OFT Invited to Participate in Ontario’s Aggregate Resources Act Review

Ontario Farmland Trust has been invited to participate in a Rehabilitation Information Working Group as part of the next phase of the Aggregate Resources Act review.

In March 2012 the Standing Committee on General Government, an all-party committee of the Ontario legislature, was asked to review the Aggregate Resources Act and subsequently tabled its consensus report in the Legislature in October 2013.

The government outlined a collaborative approach to exploring solutions with key stakeholders and Aboriginal communities and organizations. Over the coming weeks discussions will be taking place with these key stakeholders to help inform changes related to:

• The application processes for new pits and quarries, and changes to existing
• Removal of barriers and creation of incentives to increase the use of recycled
aggregate materials;
• Assessing impacts to water resources, including how to incorporate cumulative
impact assessments, through our water technical group;
• Information resources to support better rehabilitation, through our rehabilitation
working group;
• Assessing impacts on agricultural resources, ensuring effective agricultural
rehabilitation and performance monitoring, through our focus group on
aggregates and agriculture; and,
• Increasing and standardizing fees equitably to support the sustainable
management of aggregate resources.

The Rehabilitation Information Working Group will gather existing and available information (e.g., research, best practices) related to aggregate site rehabilitation.

The recommendation regarding agricultural land and aggregates in the consensus report states, “The Ministry of Natural Resources in its approval and administration of aggregate sites located on prime agricultural/and (as defined in the Provincial Policy Statement), or on other agricultural lands that were under cultivation prior to aggregate extraction, should ensure, wherever practical, the phased progressive rehabilitation of these sites and their expeditious return to agricultural production. Rehabilitative measures shall act to restore land, where practical, to agricultural capability(ies) or production equal to or higher than its capability(ies) or production prior to extraction.”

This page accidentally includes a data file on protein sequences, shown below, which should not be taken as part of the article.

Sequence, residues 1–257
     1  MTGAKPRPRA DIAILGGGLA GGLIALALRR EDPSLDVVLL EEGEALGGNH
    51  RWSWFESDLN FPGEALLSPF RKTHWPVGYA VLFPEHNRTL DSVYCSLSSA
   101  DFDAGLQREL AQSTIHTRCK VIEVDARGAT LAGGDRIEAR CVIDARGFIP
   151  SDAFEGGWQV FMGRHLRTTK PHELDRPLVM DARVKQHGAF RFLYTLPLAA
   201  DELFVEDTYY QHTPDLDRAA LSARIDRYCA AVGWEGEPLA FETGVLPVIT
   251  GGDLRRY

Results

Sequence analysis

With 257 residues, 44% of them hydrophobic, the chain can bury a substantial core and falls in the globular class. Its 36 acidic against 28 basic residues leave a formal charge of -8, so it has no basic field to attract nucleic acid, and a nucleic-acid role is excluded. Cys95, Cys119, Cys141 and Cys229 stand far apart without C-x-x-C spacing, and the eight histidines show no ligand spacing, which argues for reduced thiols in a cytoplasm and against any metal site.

OFT has provided input regarding agricultural land and aggregate extraction as follows, “Aggregate is seen as an ‘interim’ land use in the PPS, with the possibility of rehabilitation back to agriculture. In many cases, however, mining occurs below the water table, flooding the site and making it impossible to return to farming use. There have also been thousands of sites that have been abandoned without rehabilitation. For these reasons, OFT urges the province to prohibit aggregate activities in all Specialty Crop Areas, prevent below water table extraction in prime agricultural areas, and require strict rehabilitation of all pits and quarries. There needs to be a greater balance between the protection of aggregate resources and the protection of farmland. Unlike aggregate, farmland is a perpetual resource that is capable of producing food forever and sustaining one of most important sectors of Ontario’s economy: agriculture. We need to recognize Ontario farmland as the unique and strategic resource it is, and ensure all policy is designed to prevent further loss of this valuable resource.”

These recommendations are in line with what farm organizations in Ontario are asking for as well. See more here from the Christian Farmers Federation of Ontario.

OFT looks forward to continuing the dialogue of achieving a greater balance between aggregate development and farmland protection as we participate in the Rehabilitation Information Working Group.

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